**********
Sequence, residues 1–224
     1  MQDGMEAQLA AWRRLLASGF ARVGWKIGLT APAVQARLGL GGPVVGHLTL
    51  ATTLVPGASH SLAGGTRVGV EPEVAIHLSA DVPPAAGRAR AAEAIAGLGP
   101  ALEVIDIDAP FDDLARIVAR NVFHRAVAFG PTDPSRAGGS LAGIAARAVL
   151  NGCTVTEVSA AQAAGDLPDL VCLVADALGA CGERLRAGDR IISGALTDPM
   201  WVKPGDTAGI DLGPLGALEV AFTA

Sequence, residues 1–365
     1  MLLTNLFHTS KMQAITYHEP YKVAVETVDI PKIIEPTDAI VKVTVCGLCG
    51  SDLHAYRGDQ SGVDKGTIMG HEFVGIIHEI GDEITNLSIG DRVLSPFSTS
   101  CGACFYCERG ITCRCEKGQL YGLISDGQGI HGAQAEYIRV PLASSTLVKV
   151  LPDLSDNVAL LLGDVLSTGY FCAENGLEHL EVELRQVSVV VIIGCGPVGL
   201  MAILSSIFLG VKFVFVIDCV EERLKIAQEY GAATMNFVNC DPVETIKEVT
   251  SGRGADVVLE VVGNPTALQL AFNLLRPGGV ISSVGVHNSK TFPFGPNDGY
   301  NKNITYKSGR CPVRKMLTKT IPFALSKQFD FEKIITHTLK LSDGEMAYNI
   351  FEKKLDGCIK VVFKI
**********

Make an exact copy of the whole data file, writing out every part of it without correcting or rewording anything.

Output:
Sequence, residues 1–224
     1  MQDGMEAQLA AWRRLLASGF ARVGWKIGLT APAVQARLGL GGPVVGHLTL
    51  ATTLVPGASH SLAGGTRVGV EPEVAIHLSA DVPPAAGRAR AAEAIAGLGP
   101  ALEVIDIDAP FDDLARIVAR NVFHRAVAFG PTDPSRAGGS LAGIAARAVL
   151  NGCTVTEVSA AQAAGDLPDL VCLVADALGA CGERLRAGDR IISGALTDPM
   201  WVKPGDTAGI DLGPLGALEV AFTA

Sequence, residues 1–365
     1  MLLTNLFHTS KMQAITYHEP YKVAVETVDI PKIIEPTDAI VKVTVCGLCG
    51  SDLHAYRGDQ SGVDKGTIMG HEFVGIIHEI GDEITNLSIG DRVLSPFSTS
   101  CGACFYCERG ITCRCEKGQL YGLISDGQGI HGAQAEYIRV PLASSTLVKV
   151  LPDLSDNVAL LLGDVLSTGY FCAENGLEHL EVELRQVSVV VIIGCGPVGL
   201  MAILSSIFLG VKFVFVIDCV EERLKIAQEY GAATMNFVNC DPVETIKEVT
   251  SGRGADVVLE VVGNPTALQL AFNLLRPGGV ISSVGVHNSK TFPFGPNDGY
   301  NKNITYKSGR CPVRKMLTKT IPFALSKQFD FEKIITHTLK LSDGEMAYNI
   351  FEKKLDGCIK VVFKI